Prosecuting Nonprofit Fraud through Exec’s Personal Tax Return?

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May 17, 2016; The Gazette (Cedar Rapids, IA)

The executive director of a small Iowa charity has pled guilty to falsifying his 2013 personal tax return by failing to report more than $114,000 he stole that year from World Ambassadors, Ltd. World Ambassadors, founded in 1993 to provide international students with housing, is a nonprofit registered with the state of Iowa and run from his home by Jon Peterson. The IRS automatically revoked the organization’s federal tax exemption in 2010 for failure to file Form 990 returns for three consecutive years.

Peterson admitted to diverting 99 percent of donations to World Ambassadors between 2010 and 2014, totaling almost $500,000, to his personal checking account to support a sex addiction he says began in 2005. In addition to donations, Peterson told prosecutors he went into debt supporting his addiction using credit cards and home equity lines of credit.

This story is noteworthy for a few reasons, including some missing key facts. We don’t know whether World Ambassadors achieved mission-related success from 1993 until 2009, but based on Peterson’s admissions and the IRS revocation of tax exemption, it’s safe to say that it wasn’t operating from 2010 to the present. Was this a longstanding charity scam, or is it a case of an individual falling prey to addiction and causing damage to himself and others, including his nonprofit and its stakeholders, as a result? The federal prosecution makes no mention of the organization violating the law, or Peterson violating the law in his role as World Ambassador’s executive director—the case centers on Peterson as an individual taxpayer. Did the charity figure into the investigation, or was it merely a source of personal income on which taxes were not paid? What were World Ambassadors’ 30-40 annual donors from 2010-2014 told about their gifts’ deductibility and the uses of their gifts?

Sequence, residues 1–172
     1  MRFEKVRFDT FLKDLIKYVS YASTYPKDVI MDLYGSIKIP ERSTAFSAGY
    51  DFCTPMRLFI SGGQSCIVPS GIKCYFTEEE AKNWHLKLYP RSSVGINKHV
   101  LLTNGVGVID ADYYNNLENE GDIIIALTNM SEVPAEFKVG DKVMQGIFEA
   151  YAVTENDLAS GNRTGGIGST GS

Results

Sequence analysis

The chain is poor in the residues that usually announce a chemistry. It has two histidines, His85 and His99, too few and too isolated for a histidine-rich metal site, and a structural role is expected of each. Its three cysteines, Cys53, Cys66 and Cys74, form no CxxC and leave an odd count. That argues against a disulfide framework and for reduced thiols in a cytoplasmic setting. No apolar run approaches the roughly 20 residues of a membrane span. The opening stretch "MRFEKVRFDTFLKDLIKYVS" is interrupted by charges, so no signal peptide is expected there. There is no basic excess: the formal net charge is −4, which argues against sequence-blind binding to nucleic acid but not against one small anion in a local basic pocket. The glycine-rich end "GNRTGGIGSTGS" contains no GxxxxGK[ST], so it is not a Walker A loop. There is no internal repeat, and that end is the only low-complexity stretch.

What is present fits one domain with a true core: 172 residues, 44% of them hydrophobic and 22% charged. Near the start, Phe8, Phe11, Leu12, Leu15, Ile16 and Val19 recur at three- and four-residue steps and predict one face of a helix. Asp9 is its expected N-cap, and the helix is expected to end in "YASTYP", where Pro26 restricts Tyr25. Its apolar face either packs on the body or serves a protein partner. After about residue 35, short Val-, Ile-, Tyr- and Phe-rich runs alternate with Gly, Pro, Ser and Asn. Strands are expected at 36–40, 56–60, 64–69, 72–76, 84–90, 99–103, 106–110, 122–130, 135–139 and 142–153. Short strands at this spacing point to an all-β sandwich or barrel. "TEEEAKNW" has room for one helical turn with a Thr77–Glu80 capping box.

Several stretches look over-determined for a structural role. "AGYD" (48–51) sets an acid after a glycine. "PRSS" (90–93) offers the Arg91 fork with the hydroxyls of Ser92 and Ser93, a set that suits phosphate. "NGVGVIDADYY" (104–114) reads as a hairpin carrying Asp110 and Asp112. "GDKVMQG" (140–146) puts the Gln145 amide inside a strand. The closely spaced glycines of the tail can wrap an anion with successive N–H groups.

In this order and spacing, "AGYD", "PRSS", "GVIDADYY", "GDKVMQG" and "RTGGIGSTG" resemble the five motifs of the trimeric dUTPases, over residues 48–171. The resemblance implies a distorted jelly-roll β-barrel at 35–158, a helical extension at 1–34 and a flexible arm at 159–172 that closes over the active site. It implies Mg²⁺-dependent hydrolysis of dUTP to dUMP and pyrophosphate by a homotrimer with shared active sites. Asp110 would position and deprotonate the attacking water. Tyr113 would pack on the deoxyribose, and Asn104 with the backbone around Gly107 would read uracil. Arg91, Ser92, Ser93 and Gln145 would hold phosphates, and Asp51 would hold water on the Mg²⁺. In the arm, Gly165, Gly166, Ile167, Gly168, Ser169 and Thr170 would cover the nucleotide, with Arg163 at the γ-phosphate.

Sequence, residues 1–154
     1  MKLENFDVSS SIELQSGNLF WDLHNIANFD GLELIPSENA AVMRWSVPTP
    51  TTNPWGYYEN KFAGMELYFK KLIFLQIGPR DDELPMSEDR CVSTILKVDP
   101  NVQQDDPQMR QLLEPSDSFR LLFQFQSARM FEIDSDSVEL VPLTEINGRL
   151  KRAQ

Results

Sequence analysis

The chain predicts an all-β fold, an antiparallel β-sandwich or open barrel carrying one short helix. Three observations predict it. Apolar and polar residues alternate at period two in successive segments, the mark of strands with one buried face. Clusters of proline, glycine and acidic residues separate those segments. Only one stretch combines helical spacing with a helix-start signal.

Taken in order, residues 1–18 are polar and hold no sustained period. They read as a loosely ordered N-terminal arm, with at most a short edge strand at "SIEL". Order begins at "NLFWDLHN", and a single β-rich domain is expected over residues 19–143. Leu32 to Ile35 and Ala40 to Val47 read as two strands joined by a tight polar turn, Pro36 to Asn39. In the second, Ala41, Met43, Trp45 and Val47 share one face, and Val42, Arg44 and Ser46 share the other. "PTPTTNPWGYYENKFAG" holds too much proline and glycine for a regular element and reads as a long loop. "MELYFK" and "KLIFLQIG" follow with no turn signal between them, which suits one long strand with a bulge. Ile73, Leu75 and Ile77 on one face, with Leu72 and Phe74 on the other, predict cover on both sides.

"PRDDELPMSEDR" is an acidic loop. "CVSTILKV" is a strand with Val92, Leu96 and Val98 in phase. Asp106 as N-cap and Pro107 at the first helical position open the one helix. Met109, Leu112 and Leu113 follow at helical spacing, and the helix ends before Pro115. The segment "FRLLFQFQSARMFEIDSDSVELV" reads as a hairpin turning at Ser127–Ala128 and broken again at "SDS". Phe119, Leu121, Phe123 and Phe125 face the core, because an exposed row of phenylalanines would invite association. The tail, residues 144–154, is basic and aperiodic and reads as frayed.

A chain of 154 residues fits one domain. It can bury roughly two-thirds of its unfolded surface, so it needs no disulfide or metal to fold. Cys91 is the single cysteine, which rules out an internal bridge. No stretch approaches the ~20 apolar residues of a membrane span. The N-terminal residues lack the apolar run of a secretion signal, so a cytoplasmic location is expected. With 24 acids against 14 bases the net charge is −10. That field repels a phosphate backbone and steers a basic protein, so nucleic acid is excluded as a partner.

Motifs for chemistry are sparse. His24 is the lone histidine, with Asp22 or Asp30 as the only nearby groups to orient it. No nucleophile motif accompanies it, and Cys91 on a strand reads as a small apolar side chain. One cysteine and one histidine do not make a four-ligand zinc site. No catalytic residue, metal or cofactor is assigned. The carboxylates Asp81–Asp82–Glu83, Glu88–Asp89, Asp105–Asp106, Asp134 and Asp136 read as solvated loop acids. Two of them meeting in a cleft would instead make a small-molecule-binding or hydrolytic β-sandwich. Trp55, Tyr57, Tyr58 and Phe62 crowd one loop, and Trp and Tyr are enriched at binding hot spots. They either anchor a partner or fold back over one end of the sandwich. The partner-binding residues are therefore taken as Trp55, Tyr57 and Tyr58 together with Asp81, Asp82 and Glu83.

One tempting takeaway is that nonprofits and their executives are at risk of federal prosecution for serious misdeeds, regardless of organization size and executive compensation. Unfortunately, the facts of this case don’t support that conclusion. Frankly, we would have liked to see a prosecution of Peterson and World Ambassadors for misappropriation of charitable assets, potential misrepresentation of tax-exempt status, excessive compensation, and governance-related violations of the IRS Code. Maybe it’s a prosecutorial decision like those that happen in organized crime cases—there isn’t enough certainty to secure a conviction for theft and other charges, but not paying taxes on the ill-gotten gains is a slam dunk.—Michael Wyland